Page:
Red, Ready, but will keep

2008 Ch. La Dominique, St Emilion

2008 Ch. La Dominique, St Emilion

Red | Ready, but will keep | Chateau La Dominique | Code:  945698 | 2008 | France > Bordeaux > St-Emilion | Merlot | Medium Bodied, Dry | 13.5 % alcohol

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Wines sold "In Bond" (including BBX) or “En Primeur” are not available for immediate delivery and storage charges may apply.

Duty and VAT must be paid separately before delivery can take place.

Bottle 12 x 75cl 1cs

£320.00
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Scores and Reviews

PARKER

90/100

PARKER -

An unqualified sleeper of the vintage, the dark ruby/purple-tinged 2008 La Dominique reveals black olive, licorice, tobacco leaf, raspberry and kirsch liqueur characteristics. Deep and medium to full-bodied with supple tannins, an endearing texture and a lush, long, seamlessly constructed finish, this wine can be enjoyed now and over the next 10-12 years.
(Robert Parker- Wine Advocate- May 2011)

One of La Dominique’s best efforts over recent years, their opaque purple-hued 2008 reveals copious quantities of sweet blueberry and blackberry fruit intermixed with licorice, roasted herbs, and spice. It is a full-bodied, opulent St.-Emilion with sweet tannin and a layered, expansive mouthfeel. This big time sleeper of the vintage should drink nicely for 15+ years.
(Robert Parker- Wine Advocate- April 2009)

The Producer

Chateau La Dominique

Chateau La Dominique

Château La Dominique, a St. Emilion Grand Cru Classé property had an illustrious reputation during the 19th century which it has recently reclaimed. The catalyst for its modern renaissance was its purchase by motorway tycoon Clément Fayat in 1969. He installed a brand new cuvier and introduced new techniques in the vineyard. He also engaged the services of the ubiquitous Michel Rolland.

La Dominique is located on the border with the Pomerol appellation and its vineyards adjoin those of Cheval Blanc. The soils are a mixture of limestone, gravel, sand and clay and the 22 hectares of vineyards are planted with Merlot (80%), Cabernet Franc (15%) and Cabernet Sauvignon (5%). The grapes are fermented in temperature-controlled, stainless steel tanks and the wine is then aged in oak barriques (50-60% new) for 18 months.

La Dominique produces intense, ultra ripe, and opulent clarets, which, while hard to resist, tend to show at their best with 7-10 years of bottle ageing.

The Grape

Merlot

Merlot

The most widely planted grape in Bordeaux and a grape that has been on a relentless expansion drive throughout the world in the last decade. Merlot is adaptable to most soils and is relatively simple to cultivate. It is a vigorous naturally high yielding grape that requires savage pruning - over-cropped Merlot-based wines are dilute and bland. It is also vital to pick at optimum ripeness as Merlot can quickly lose its varietal characteristics if harvested overripe.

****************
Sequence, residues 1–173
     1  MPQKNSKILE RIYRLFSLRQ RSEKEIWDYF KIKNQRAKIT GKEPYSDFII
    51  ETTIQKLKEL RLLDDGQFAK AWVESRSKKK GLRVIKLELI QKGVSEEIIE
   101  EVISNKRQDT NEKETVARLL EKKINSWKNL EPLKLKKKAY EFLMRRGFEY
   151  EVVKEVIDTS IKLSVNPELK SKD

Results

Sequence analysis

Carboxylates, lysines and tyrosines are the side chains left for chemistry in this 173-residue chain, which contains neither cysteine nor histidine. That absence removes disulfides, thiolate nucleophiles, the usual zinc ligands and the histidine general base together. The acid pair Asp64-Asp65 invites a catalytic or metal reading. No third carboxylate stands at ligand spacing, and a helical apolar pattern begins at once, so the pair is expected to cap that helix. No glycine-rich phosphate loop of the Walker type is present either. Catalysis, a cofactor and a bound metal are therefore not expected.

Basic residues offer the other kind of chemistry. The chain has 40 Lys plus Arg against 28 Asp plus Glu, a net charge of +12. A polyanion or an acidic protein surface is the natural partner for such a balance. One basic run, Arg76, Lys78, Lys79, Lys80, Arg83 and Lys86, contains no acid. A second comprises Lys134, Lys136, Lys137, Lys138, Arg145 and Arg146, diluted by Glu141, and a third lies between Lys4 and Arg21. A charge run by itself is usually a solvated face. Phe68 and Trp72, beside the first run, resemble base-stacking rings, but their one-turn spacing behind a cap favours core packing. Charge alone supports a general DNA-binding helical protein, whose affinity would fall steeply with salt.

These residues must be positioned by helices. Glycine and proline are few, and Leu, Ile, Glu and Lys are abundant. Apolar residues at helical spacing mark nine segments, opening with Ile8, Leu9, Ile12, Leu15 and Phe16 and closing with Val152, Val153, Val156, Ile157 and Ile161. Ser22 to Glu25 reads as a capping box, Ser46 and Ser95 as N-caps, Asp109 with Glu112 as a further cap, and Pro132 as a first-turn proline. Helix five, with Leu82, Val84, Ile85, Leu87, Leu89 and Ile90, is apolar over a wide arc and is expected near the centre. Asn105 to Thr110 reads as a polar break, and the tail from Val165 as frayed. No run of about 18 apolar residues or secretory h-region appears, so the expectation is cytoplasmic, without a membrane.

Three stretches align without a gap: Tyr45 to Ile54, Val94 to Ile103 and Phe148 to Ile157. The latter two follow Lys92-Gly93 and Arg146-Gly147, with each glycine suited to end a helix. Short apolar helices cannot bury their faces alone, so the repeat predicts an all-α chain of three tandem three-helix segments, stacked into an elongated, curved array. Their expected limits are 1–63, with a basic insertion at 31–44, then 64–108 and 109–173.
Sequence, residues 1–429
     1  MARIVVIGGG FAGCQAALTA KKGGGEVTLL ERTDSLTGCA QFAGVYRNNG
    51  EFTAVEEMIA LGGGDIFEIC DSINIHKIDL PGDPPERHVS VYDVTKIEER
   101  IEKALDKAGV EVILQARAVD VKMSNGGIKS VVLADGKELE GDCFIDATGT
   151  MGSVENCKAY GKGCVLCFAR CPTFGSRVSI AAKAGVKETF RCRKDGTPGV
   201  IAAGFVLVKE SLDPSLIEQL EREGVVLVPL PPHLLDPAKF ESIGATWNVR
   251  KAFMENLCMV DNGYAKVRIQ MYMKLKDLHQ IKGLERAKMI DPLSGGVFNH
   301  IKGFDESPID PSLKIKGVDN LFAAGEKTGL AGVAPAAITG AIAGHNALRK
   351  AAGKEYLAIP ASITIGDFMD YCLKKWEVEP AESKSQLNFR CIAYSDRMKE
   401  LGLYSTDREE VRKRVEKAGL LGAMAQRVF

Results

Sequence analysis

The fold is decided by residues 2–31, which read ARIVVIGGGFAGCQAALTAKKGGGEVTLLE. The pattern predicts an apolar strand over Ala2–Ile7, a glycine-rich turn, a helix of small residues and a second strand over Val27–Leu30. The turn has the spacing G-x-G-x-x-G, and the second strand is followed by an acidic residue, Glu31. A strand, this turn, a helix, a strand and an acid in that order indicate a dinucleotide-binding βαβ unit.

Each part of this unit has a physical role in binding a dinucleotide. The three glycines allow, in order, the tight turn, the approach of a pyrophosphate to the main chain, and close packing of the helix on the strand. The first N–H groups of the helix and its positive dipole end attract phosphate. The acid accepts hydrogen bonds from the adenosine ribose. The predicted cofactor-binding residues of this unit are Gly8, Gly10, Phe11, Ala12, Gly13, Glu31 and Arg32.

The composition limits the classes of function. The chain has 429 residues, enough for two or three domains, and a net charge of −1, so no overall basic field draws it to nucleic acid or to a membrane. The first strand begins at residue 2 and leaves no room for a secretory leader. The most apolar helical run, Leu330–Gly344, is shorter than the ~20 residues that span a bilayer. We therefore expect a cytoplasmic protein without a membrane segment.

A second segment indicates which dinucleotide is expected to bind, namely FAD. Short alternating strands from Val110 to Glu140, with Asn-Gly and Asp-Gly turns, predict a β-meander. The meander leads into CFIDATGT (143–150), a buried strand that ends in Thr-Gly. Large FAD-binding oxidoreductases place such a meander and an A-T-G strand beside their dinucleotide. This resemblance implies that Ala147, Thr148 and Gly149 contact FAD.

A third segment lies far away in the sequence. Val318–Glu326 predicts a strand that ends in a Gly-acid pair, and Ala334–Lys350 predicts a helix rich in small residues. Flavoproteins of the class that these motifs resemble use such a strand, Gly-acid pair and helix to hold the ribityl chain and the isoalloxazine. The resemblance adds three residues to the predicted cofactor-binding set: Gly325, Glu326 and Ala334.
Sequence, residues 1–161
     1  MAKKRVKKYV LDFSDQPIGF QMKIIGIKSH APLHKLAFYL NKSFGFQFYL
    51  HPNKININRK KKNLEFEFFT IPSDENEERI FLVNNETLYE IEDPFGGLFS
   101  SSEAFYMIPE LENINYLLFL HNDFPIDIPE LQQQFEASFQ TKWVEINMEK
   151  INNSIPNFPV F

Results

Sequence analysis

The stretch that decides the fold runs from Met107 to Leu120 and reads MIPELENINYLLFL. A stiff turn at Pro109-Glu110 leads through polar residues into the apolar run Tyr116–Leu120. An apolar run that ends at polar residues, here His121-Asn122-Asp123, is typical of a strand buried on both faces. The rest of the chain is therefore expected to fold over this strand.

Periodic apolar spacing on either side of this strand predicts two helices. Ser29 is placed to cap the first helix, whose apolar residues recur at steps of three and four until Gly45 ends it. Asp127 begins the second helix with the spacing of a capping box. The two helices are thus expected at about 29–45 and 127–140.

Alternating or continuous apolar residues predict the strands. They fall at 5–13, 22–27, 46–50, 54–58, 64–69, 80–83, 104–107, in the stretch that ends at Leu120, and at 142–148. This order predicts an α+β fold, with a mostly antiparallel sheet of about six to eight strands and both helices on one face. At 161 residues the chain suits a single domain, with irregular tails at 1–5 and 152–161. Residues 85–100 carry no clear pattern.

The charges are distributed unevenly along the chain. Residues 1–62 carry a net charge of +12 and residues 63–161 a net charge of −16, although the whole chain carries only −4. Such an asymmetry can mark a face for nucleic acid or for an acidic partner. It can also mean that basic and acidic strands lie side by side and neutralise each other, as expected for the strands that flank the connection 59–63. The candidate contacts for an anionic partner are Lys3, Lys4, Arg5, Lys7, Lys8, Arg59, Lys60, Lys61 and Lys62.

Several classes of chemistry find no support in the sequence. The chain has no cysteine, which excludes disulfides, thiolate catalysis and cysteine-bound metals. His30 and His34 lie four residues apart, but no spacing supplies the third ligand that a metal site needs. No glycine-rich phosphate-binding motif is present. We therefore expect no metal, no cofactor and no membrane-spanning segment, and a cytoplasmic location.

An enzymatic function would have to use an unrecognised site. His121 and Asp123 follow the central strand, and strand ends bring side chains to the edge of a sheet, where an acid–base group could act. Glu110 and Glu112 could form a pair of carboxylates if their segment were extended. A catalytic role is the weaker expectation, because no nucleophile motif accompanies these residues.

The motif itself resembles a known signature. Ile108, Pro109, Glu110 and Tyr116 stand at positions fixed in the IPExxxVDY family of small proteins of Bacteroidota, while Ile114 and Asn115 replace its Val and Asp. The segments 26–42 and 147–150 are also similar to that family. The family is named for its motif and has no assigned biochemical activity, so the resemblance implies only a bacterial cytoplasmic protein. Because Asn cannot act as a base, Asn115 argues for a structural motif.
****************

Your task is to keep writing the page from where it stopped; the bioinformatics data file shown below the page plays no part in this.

In St.Emilion and Pomerol it withstands the moist clay rich soils far better than Cabernet grapes, and at it best produces opulently rich, plummy clarets with succulent fruitcake-like nuances. Le Pin, Pétrus and Clinet are examples of hedonistically rich Merlot wines at their very best. It also plays a key supporting role in filling out the middle palate of the Cabernet-dominated wines of the Médoc and Graves.

Merlot is now grown in virtually all wine growing countries and is particularly successful in California, Chile and Northern Italy.

The Region

St-Emilion

St-Emilion

St Emilion is one of Bordeaux's largest producing appellations, producing more wine than Listrac, Moulis, St Estèphe, Pauillac, St Julien and Margaux put together. St Emilion has been producing wine for longer than the Médoc but its lack of accessibility to Bordeaux's port and market-restricted exports to mainland Europe meant the region initially did not enjoy the commercial success that funded the great châteaux of the Left Bank. 

St Emilion itself is the prettiest of Bordeaux's wine towns, perched on top of the steep limestone slopes upon which many of the region's finest vineyards are situated. However, more than half of the appellation's vineyards lie on the plain between the town and the Dordogne River on sandy, alluvial soils with a sprinkling of gravel. 

Further diversity is added by a small, complex gravel bed to the north-east of the region on the border with Pomerol.  Atypically for St Emilion, this allows Cabernet Franc and, to a lesser extent, Cabernet Sauvignon to prosper and defines the personality of the great wines such as Ch. Cheval Blanc.  

In the early 1990s there was an explosion of experimentation and evolution, leading to the rise of the garagistes, producers of deeply-concentrated wines made in very small quantities and offered at high prices.  The appellation is also surrounded by four satellite appellations, Montagne, Lussac, Puisseguin and St. Georges, which enjoy a family similarity but not the complexity of the best wines.

St Emilion was first officially classified in 1954, and is the most meritocratic classification system in Bordeaux, as it is regularly amended. The most recent revision of the classification was in 2012

Storage Details
 
Storage in BB&R Warehouses
 

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